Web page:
Write what you don’t know

img_1075

“The writer is someone, who, embarking on a task, does not know what to do.” Donald Barthelme

I am reading Station Eleven by Emily St. Jean Mandel. Although I read Atwood’s MaddAddam trilogy, I haven’t really been curious about dystopian novels. But this book has me turning pages hungrily. One of Mandel’s themes is the persistence of the works of Shakespeare after the collapse of civilization. This got me thinking of what I know and what I don’t know and what to write about for story number eight.

What did Mandel know, I wondered, in order to write this so-readable novel? She looks blessedly young on the book’s back cover (b. 1979). Yet she writes confidently about Shakespeare, Toronto, BC’s Gulf Islands, pandemics, the life of an aging artist, multiple marriages, paramedicine, the end of civilization… and I am only on page 77. She mustn’t have “known” all this to start. Into the cauldron goes the writer’s research, experience, and imagination. Boil them together with a bit of newt’s eye and bat’s wing to produce fiction.

The old saw about “write what you know” keeps the writer in the silo of lived experience, starved for oxygen. You need all of it—research, imagination, experience, serendipity—to thrive as a fiction writer. One way to write yourself out of what you know and into what you don’t know is to use Peter Elbow’s loop writing methods described in Writing with Power. I decided to use the one where you sit down and write everything you think you know about a topic, then use that as fodder for a story. Mandel’s novel starts with a production of King Lear, so I thought why not use that play? I proceeded with interest.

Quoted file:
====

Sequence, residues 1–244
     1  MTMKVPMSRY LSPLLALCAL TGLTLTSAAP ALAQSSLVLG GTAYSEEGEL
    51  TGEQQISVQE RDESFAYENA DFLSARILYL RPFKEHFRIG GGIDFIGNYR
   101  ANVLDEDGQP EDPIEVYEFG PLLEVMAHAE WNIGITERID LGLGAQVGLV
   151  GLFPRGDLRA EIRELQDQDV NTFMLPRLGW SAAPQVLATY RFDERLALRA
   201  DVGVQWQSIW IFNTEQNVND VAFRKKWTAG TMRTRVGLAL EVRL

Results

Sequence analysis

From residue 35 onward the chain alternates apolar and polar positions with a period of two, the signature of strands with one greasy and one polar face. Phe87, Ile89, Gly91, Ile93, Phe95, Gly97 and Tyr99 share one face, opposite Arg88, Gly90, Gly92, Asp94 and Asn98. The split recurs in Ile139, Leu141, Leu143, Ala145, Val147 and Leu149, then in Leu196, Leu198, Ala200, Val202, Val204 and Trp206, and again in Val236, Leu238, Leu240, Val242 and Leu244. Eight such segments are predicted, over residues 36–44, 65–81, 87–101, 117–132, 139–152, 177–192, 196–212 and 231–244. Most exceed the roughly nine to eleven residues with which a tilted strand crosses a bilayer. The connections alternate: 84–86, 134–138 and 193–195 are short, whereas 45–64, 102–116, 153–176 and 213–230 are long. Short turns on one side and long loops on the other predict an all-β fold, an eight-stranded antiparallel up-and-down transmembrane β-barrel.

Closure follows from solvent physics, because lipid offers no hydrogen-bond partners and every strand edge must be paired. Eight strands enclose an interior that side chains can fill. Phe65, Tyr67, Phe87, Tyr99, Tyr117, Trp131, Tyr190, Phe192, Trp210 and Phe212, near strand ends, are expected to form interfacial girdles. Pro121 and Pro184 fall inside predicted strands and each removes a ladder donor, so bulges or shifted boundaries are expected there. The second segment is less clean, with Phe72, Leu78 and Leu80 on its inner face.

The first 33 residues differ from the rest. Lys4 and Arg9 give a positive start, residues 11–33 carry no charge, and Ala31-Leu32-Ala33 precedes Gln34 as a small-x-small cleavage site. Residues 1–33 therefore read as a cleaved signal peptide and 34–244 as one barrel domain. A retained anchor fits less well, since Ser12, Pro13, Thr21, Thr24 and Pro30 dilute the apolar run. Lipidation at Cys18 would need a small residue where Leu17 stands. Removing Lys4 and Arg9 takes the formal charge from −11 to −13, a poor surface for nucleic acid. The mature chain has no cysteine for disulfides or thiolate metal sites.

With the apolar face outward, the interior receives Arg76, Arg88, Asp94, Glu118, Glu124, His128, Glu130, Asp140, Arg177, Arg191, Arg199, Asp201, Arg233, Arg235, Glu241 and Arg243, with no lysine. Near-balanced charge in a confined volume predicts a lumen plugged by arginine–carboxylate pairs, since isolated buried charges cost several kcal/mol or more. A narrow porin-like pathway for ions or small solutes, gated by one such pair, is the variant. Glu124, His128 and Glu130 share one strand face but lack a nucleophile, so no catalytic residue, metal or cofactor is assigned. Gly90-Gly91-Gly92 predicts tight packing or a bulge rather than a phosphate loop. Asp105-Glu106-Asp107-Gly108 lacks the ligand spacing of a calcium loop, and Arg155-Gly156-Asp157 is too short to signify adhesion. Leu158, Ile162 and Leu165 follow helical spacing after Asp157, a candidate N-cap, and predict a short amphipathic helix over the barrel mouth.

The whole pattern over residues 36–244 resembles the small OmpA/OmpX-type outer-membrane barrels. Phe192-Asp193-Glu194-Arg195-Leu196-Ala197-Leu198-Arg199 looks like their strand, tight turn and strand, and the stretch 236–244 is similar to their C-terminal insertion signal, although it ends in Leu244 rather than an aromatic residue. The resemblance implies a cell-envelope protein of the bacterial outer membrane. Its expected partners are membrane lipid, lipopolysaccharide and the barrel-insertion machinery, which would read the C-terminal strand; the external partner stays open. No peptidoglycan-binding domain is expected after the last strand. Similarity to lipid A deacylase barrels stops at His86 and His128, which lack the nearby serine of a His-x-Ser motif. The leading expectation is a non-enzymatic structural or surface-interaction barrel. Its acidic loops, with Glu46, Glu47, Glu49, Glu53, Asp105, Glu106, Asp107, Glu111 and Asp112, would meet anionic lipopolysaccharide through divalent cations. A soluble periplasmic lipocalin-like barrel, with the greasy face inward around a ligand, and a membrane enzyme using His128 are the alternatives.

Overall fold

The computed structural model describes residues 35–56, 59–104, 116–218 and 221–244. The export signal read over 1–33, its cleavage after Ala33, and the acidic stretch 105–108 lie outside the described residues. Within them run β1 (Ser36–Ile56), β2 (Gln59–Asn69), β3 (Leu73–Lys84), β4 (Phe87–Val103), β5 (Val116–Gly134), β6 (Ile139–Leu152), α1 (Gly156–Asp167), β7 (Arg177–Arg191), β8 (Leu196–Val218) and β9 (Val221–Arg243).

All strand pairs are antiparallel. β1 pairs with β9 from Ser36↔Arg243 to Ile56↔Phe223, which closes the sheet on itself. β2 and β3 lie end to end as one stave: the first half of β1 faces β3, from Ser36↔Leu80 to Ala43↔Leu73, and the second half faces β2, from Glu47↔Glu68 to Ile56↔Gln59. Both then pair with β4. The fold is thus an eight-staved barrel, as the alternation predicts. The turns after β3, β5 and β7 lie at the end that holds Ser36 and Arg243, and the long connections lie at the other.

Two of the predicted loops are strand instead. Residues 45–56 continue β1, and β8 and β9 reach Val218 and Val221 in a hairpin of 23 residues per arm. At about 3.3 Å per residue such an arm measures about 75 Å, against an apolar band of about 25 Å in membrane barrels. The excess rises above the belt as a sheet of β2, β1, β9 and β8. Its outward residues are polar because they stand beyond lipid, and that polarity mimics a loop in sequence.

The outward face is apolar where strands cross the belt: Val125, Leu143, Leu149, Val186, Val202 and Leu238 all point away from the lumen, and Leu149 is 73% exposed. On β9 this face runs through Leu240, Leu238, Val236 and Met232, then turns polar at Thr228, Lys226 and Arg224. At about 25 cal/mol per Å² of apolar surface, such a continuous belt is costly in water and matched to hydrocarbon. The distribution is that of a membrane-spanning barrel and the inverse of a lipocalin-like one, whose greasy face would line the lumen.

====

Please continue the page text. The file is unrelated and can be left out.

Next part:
What do I know about King Lear? Well not much. I studied the play in the late seventies with the late great Northrop Frye. I still have my Pelican Complete Works of Shakespeare with my fish bookplate dated 1978, the year I took my sole Shakespeare class at University of Toronto, Victoria College. Frye was an eminent scholar, yet I remember little from the class. I do recall his long pauses as we waited with baited breath, our pens raised, ready to record his wisdom. And the only thing I remember from his lectures was not even about Shakespeare—it was about music. He said that Bach’s Mass in B Minor was surely the voice of God speaking through the composer. As for King Lear, well I remember only that I loved that play the best. A few of the most famous lines stick with me, and I notice as I page through the play that almost forty years ago, my twenty-year old self carefully circled in pencil any mention of nature, natural, and unnatural. I must have written an essay on that theme.

But really, what do I know of Lear? I remember my father joking with me, the youngest of his three daughters, that I was his Cordelia. A rather odd comparison, as I think of it now, but I loved his rueful laugh when he said it. Then there was my first husband’s favourite line from the play, “Reason not the need,” from Lear’s speech in Act 2, Scene 4: